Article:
Wednesday, August 13 2003
I spent much of the day at a client's house stringing Category 5e ethernet wire between three different computers in two different buildings. During various parts of this gig I could be found way up on a ladder, sliding on my belly in a crawl space, crimping connectors by hand in a teenage girl's bedroom (site of the router), and clambering above kayaks in in an stiflingly hot garage (home to candy apple red Jaguar convertible). One moment I'd be boring holes through a wall with an 18 inch spade bit and the next I'd be invoking DHCP on an ethernet card. The weather was hot and given (as it has been for weeks) to occasional drenching cloudbursts. I quickly became so sweaty that my client (the whole family of three) urged me to jump into their swimming pool. It's a pool that Gretchen and I used occasionally while this same family was off spending five weeks in France.
The wife of the family was concerned because my Category 5e wire was white, and it might show a little too much on the dark green clapboards of the house. But Lowes doesn't sell dark green Category 5e cable, and sometimes æsthetics must be sacrificed on the alter of technological need. The results can be beautiful; look at the Lunar Landing Module, which - were it not for the many technological details providing a Victorian complexity to its surfaces - might look like the MSN Messenger icon.
For the past week or so I've been broadcasting my 8000 MP3s on random play on an undisclosed FM frequency. But listening to the selection, I've discovered the playlist is amazingly constricted. I keep hearing the same songs over and over again, while other songs I know to be there never get played. There must be a problem with the WinAmp random number generator; it must never get reseeded or something. I've noticed a similar problem with the random number generator in Microsoft SQL, and you might have noticed this too if you've ever obsessively reloaded the Randomly Ever After homepage. The issue of high-quality randomness in computer technology is an important one, yet it seems to be getting low-priority attention. In the meantime, my 8000 MP3s on random play sound just as stale as WDST.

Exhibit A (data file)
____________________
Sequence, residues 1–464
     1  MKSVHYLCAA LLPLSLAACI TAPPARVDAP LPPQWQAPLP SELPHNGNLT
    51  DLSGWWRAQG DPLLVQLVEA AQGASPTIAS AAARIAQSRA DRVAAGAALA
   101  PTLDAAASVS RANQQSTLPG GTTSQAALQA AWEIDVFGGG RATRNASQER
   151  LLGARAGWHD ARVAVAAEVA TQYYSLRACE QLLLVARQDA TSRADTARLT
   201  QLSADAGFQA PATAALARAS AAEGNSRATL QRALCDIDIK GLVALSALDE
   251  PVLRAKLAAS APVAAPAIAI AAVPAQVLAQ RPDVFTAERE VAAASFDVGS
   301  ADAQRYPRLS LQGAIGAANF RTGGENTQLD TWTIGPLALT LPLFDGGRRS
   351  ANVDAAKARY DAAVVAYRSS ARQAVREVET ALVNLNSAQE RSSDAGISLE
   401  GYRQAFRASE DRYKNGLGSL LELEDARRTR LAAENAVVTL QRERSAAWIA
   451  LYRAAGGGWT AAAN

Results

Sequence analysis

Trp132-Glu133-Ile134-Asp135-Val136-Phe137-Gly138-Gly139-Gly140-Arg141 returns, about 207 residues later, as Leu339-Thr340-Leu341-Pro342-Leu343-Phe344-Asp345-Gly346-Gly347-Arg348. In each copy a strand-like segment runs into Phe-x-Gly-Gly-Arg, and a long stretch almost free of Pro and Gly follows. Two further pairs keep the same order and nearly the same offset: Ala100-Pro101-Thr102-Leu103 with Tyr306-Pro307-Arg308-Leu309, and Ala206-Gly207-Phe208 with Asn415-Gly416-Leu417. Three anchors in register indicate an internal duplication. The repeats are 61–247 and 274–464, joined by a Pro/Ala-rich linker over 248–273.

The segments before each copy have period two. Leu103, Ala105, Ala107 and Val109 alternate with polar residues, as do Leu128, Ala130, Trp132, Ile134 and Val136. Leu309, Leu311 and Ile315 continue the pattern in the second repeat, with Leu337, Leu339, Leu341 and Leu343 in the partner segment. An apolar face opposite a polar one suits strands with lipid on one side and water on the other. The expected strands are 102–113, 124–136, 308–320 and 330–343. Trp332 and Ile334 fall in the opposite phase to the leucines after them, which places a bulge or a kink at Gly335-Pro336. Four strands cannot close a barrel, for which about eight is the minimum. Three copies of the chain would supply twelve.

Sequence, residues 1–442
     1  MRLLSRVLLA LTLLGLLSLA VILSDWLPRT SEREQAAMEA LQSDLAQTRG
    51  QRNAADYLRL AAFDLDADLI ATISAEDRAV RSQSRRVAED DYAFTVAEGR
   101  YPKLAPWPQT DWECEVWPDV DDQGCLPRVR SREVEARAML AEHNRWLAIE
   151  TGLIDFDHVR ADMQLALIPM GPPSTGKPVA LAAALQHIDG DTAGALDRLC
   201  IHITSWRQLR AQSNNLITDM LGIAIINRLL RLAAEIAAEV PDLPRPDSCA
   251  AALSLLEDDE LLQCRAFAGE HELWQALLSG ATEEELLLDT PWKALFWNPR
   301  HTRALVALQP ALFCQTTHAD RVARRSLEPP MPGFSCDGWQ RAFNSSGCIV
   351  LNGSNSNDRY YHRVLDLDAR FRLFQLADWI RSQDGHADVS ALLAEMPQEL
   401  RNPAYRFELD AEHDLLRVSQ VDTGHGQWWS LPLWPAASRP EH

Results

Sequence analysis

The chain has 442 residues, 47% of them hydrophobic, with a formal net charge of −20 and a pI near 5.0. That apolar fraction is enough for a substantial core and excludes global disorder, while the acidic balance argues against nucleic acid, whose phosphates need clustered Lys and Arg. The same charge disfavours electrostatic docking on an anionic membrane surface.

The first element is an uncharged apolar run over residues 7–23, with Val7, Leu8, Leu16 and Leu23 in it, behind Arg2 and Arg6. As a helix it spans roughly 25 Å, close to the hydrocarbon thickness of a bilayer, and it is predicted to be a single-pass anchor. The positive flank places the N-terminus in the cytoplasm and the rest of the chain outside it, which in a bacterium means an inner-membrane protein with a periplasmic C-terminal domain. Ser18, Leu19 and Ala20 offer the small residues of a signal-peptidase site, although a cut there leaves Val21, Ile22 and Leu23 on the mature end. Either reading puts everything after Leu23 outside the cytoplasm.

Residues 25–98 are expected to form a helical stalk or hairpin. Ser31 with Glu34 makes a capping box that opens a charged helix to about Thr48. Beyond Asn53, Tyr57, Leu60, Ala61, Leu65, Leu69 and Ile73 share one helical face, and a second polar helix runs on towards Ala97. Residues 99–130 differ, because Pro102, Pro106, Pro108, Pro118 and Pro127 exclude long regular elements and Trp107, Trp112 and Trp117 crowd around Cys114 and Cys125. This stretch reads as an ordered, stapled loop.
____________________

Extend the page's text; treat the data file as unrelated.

I managed to miss the Blaster Worm epidemic on my system because I patched it during all that hype about Microsoft RPC vulnerabilities several weeks ago. I only had to patch one machine, the one that dials out onto the internet and serves as a firewall for the others on my local network. My mother wasn't so lucky. She runs a Windows XP machine that is mostly trouble-free, but it was a sitting duck for this particular worm. I had to talk her through a solution over the telephone just to keep her machine from spontaneously rebooting regularly. While I was at it, I told her how to turn off the widespread Windows vulnerability that leads to Windows Messenger spam (most of which is for products that disable the Windows messenger "service").
For linking purposes this article's URL is:feedback
previous | next